Chipping away at indie films from the beginning of the year, from the comfort of my couch, has been an interesting experience. The home theater experience is nice but can’t replicate my love for going to the movies. However, the price point is pretty nice and I’m grateful to have access to films I otherwise would have missed. While The Lodge manages to look the part, it lacks the depth to bring it all together.
The general setup is pretty simple but it works enough to get the ball rolling. There are a few important wrinkles but a young woman is given the opportunity to bond with her soon-to-be husband’s kids over Christmas at an isolated cabin in the woods. Naturally, some weird stuff starts going down and there are certainly some creepy environmental and situational horror elements at play but it actually leans heavily into the psychological thriller genre and ultimately falls flat down the stretch.
Sadly, the script from directors Veronika Franz & Severin Fiala (“Goodnight Mommy”), along with Sergio Casci, is seriously lacking in character design and development. As a result, you don’t buy into the characters’ motivations and don’t care enough about the resolution of their journey by the time the film’s climax rolls around. It’s tough to care about or invest in the characters when the writers can’t even clearly define that or why they care about one another. The twist is actually pretty good and there’s plenty of tension and fear but there’s just so much foundation missing, you never get the answers you need to complete the loop. Somehow, Script Supervisor Elizabeth Tremblay and Script Coordinator Rick Cranford didn’t seem to notice any of the glaring character issues either.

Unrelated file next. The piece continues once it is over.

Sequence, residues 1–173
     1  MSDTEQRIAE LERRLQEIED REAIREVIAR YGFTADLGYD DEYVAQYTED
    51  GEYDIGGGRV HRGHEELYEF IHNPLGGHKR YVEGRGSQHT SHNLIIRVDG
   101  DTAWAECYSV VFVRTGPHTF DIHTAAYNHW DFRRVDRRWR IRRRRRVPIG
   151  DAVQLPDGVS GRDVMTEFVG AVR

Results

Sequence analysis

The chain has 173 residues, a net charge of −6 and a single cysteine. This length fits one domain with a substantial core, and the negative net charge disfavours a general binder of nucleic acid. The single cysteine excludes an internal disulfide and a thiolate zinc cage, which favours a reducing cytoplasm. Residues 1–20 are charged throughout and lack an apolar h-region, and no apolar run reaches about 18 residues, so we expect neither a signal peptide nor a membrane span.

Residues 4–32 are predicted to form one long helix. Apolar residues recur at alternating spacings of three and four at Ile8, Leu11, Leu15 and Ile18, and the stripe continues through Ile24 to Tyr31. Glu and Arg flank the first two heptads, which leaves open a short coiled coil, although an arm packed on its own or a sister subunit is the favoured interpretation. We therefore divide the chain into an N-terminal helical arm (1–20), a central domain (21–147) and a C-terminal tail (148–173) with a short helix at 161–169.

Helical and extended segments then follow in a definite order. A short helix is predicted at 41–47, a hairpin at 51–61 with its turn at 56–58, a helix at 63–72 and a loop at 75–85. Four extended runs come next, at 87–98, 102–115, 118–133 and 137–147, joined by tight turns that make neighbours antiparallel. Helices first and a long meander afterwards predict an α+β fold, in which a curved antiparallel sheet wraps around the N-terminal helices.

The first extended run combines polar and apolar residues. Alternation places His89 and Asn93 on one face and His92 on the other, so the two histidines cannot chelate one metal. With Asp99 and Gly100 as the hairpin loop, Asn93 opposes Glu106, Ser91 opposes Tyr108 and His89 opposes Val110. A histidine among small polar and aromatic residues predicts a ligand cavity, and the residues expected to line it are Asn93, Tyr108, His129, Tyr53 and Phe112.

Riley Keough plays the lead (or at least gets top billing) as Grace, the potential new step-mom. he has a very complicated past and while she’s decent enough in the role, there’s no good explanation for why the character is in the story except to be the catalyst. Richard Armitage plays the dad but he and Keough have zero chemistry, which only raises more questions about why he brings her into his family’s life. The relationship with his ex-wife, played by Alicia Silverstone, isn’t fleshed out either. She’s good but only serves to set the table for the new woman, which does a disservice to the whole dynamic with the kids. There are several “whys?” that are only addressed with very general broad strokes between these characters and the film suffers for it.
Jaeden Martell (“IT”) and his on-screen sister Lia McHugh carry the movie. They are the ones in the eye of the storm as their dad attempts to force a mysterious stranger into their lives. Again, the motivation for this is very weak but the kids respond as you’d hope, telling dad to fuck off. As minors, they’re dragged along for the ride but end up getting behind the wheel.
It looks pretty good on the screen thanks to the production design by Sylvain Lemaitre and cinematography by Thimios Bakatakis. The totality of the environment goes a long way in pushing the narrative but I was left wanting quite a bit more from it.